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Updated: January 17, 2012 11:08 IST

When conscience also flees the spot

Mohit M. Rao
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The Hindu

Hit-and-run cases up 30 per cent in three years

It occurs with depressing frequency, and the trend is on the rise: a vehicle knocks down a motorist, a cyclist or a pedestrian, and speeds away, leaving the hapless victim to fend for himself. And more often than not, the culprit is not traced.

According to statistics furnished by the Bangalore Traffic Police, 2,006 hit-and-run cases were reported in 2011 with 299 fatalities, compared with 1,935 cases (273 deaths) in 2010 and 1,731 (198 deaths) in 2009. These figures mark more than a 30 per cent increase in fatalities in the last three years.

For these cases, the detection rate, though on the rise, is poor. In cases of fatalities where the vehicle number is not known, 15 per cent of cases were solved in 2009, while the number rose to 28 per cent in 2010. With 61 cases under investigation, and 53 cases closed, only 11 per cent of fatal accidents have been solved in 2011.

“Many accidents occur in the middle of the night with no eyewitnesses. Then it becomes almost impossible to trace the culprit,” said M.A. Saleem, Additional Commissioner of Police (Traffic and Security). Another disturbing trend in these statistics is the number of undetected cases for accidents where the vehicle numbers were known. In 2009, 141 cases were undetected; in 2010, it was 167 (with two under investigation), while in 2011, 26 were undetected, while 142 are still under investigation.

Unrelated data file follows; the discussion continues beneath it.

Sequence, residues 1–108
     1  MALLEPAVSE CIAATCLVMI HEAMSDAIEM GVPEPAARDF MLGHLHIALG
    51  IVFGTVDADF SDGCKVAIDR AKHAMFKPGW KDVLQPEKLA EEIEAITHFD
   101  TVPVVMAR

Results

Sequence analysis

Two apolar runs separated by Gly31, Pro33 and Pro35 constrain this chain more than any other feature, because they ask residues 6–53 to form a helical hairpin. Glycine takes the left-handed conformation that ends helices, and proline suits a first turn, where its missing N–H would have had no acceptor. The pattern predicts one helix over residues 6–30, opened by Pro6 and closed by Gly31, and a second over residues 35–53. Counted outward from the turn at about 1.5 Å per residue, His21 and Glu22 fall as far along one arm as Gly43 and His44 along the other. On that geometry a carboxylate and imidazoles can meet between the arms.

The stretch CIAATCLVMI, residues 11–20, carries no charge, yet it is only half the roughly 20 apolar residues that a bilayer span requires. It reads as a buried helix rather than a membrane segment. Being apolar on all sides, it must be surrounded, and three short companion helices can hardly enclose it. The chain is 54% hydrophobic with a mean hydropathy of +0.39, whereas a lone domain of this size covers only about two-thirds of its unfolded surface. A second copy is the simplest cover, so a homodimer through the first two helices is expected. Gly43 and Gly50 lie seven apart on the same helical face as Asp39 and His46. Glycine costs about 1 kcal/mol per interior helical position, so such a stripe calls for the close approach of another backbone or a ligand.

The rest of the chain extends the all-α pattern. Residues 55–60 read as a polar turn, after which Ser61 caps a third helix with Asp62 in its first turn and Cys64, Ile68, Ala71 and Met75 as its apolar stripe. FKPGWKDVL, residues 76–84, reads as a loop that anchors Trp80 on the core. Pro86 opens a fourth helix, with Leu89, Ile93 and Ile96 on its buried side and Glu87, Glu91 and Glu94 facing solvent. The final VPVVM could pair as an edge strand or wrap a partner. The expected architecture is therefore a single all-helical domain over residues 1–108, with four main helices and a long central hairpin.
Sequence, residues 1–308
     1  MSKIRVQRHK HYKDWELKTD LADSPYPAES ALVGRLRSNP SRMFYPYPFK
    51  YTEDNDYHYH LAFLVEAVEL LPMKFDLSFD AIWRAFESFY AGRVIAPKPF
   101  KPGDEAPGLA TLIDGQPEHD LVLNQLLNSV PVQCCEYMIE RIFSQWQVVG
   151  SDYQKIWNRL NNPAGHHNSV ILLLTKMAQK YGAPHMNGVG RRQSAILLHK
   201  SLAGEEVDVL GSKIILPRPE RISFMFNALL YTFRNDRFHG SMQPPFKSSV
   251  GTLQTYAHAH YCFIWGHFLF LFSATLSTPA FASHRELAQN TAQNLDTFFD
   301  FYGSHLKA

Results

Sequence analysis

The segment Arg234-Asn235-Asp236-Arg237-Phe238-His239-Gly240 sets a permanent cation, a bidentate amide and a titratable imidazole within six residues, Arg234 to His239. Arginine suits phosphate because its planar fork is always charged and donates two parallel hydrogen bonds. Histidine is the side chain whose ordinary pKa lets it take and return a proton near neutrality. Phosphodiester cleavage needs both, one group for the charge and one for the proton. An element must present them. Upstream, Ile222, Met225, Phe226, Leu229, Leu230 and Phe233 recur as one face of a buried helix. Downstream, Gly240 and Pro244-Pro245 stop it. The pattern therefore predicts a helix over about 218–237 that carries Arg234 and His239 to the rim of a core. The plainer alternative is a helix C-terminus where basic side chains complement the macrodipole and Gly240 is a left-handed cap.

The police say that most of these undetected cases involved private vehicles — most commonly lorries — whose drivers leave the vehicle and flee. “In such cases, we can only trace the vehicle owner. In most cases, owners have had only sketchy details about the drivers, making it almost impossible to trace them,” said a traffic police official.

The lack of records in Regional Transport Offices also hinders investigation, said the police. “RTOs in other districts are not computerised. Getting ownership details becomes difficult, and when the ownership has changed, tracking the new owner becomes impossible,” said Mr. Saleem.

However, with the traffic police increasingly using technology and surveillance cameras (with around 180 cameras operational in the city), Mr. Saleem hoped that the detection rate would increase. For example, after businessman Arjun Hari Nair (28) was run over in the early hours of September 15 on Ramana Maharshi Road, policemen tracked down the cab driver with the help of images taken from cameras as well as GPS coordinates to identify the taxi.

However, the department's experiment with social media has not yielded fruit, as was demonstrated when a video of a hit-and-run, where a car knocked down a motorist on Hosur Road, was uploaded on the Internet. “Even though the video had more than 53,000 views, we still have not traced the car in question,” said Mr. Saleem.

There was also a conscious effort to get the garage owners in loop to solve hit-and-run cases, he said. “We have a good network with garage owners, who inform us if a car that is brought into the shop seems like it has been in an accident,” said Mr. Saleem.

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